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A little bit of this, a little bit of that

First, a quick reader question:

Do you still make homemade bread?

-Katy

Yes, but not nearly as much as I used to! Largely that’s because I am only feeding Zoe and me now.

But I do still sometimes make things like honey-glazed rolls or cinnamon bread. And just this past weekend, I made some overnight cinnamon rolls for us.

potato cinnamon rolls

 

Interestingly, I make homemade yogurt and homemade granola way more regularly. Those things are easy to store on a longer-term basis, so they feel more practical with just two people.

Homemade bread can work for two people, but you have to be really careful to divvy it up and freeze it so it doesn’t go stale or moldy, and so I guess it just feels like a little more of a headache than yogurt and granola.

An Amy Dacyzyn connection

copy of Tightwad Gazette book on a table.

After I published the first post about the Tightwad Gazette, I got this comment from Debra:

The stolen soapbox speech was a sermon my Dad gave at the Leeds Community Church oh so many years ago. Amy was our neighbor, my Mom babysat ALL her kids. I remember the night she came by after dinner to sit and talk with my Dad about an idea she had. She started out with, “this is a crazy idea what do you think?” and the Tightwad Gazette was born! I spent many hours with other neighbors and members of our church opening mail. We went from a couple of trays to DOZENS following her appearances on The Home Show and of course Donahue! With every new subscription, we put a pin on map, we had to get a bigger map when she started with some international subscriptions. I also spent many hours stapling and addressing said newsletters. It’s so wonderful to see the ideas presented back then being relevant today. The soapbox speech was just a tiny bit of my Dad’s wisdom that he imparted upon us and our community. I’m touched that his words continue to touch others today <3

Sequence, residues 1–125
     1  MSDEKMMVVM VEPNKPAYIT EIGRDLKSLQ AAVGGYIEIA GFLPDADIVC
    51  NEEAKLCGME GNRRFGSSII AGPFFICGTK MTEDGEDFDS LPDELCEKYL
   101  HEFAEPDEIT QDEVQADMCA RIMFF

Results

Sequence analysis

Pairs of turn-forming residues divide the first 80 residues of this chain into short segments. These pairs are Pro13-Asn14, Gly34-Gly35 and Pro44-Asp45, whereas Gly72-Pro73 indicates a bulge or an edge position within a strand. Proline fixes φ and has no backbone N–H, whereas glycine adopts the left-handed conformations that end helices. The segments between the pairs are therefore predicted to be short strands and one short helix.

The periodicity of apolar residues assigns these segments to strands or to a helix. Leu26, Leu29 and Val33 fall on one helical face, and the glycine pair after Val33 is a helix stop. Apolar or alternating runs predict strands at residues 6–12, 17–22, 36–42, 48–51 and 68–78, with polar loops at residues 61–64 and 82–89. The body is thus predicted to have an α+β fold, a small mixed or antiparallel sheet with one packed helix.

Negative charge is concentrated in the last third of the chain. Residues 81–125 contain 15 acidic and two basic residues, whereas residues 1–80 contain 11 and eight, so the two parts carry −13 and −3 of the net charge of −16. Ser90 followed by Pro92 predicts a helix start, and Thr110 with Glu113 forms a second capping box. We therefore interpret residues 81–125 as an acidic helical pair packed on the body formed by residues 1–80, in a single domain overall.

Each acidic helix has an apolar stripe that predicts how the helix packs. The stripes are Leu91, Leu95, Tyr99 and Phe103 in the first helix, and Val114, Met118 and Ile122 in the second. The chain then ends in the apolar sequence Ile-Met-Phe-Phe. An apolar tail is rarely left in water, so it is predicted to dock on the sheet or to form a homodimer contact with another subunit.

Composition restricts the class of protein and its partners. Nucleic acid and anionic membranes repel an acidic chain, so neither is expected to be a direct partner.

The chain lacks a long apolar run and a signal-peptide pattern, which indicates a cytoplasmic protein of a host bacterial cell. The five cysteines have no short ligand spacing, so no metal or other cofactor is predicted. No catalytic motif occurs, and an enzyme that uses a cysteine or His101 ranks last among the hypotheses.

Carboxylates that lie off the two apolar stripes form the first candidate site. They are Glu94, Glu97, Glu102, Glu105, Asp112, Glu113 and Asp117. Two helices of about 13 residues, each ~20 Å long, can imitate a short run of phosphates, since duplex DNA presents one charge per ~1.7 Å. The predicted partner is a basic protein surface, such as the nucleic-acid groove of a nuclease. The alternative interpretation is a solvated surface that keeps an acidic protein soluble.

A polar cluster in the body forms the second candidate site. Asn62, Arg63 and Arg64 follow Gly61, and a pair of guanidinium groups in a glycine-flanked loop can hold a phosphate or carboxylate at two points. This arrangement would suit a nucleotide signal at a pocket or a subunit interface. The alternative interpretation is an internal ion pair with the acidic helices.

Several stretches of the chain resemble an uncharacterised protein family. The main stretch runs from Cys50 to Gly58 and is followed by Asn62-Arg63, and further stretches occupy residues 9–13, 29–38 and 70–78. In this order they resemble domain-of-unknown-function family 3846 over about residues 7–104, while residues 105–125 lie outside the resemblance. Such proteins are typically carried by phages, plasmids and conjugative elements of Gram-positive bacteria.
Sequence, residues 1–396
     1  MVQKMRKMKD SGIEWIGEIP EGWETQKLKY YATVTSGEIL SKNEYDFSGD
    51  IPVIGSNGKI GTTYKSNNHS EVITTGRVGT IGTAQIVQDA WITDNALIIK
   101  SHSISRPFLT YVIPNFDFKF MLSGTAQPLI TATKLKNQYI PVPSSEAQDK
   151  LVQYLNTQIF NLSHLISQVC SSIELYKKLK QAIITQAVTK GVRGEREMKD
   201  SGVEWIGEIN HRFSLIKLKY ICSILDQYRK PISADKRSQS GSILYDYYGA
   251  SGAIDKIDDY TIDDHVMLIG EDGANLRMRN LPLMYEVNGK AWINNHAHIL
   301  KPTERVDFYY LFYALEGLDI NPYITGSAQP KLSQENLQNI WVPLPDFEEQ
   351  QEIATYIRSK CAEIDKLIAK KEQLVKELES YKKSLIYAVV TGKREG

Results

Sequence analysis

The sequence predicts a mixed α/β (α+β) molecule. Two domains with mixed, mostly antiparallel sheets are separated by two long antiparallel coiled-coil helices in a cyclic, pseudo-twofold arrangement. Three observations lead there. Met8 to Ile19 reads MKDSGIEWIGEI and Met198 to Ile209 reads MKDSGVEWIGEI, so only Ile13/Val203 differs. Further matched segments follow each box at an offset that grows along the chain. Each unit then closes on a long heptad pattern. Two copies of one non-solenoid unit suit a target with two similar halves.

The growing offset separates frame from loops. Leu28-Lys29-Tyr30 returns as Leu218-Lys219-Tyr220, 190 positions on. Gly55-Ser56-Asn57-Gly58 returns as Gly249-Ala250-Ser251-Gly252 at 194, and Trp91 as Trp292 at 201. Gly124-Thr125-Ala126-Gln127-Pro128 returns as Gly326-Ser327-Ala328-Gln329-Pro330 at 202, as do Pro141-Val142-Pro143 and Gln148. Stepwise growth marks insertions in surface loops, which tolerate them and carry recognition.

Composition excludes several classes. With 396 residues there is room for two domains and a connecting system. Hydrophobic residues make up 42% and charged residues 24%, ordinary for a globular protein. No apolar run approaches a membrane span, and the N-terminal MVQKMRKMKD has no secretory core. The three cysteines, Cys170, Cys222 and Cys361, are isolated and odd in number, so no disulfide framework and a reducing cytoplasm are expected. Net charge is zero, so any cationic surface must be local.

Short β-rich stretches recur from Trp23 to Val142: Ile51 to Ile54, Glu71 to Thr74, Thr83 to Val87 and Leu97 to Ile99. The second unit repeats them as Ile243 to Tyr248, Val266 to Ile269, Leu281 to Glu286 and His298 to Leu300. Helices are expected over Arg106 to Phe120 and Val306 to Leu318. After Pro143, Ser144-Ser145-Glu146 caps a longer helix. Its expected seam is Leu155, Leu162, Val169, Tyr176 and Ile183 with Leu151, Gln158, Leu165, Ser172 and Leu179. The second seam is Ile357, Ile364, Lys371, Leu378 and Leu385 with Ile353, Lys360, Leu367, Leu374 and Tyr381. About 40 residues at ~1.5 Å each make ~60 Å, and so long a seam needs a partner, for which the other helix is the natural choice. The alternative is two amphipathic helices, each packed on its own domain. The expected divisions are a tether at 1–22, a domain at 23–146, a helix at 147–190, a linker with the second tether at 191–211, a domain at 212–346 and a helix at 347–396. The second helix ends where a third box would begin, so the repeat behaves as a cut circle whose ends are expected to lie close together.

Oddly, she just randomly googled to try to find her dad’s sermon, and she happened to do it just a few days after I posted. What were the odds?

Read the Tightwad Gazette for free

If you want to follow along with us (we’re doing the “winter” section from the first book next Wednesday), try these sources that readers shared:

Volume I: https://archive.org/details/tightwadgazettep00dacy
Volume II: https://archive.org/details/tightwadgazettei00dacy
Volume III: https://archive.org/details/tightwadgazettei0000dacy

Here’s another option: https://openlibrary.org/works/OL1961788W/The_Tightwad_gazette

Also, eBay usually has copies for pretty cheap. And you could try your library as well!

Save money for what’s important to YOU

I was listening to a podcast about time this last week, and the host was saying it’s important to save time for what is important to you in particular. Priorities vary from person to person, so to make time management work for you, this needs to be a personalized effort.

Ikea clock

Save time in some areas so that you have it to spend in others.

And of course, the same is true when it comes to money. The point of saving money is so that you can spend it on what matters to you.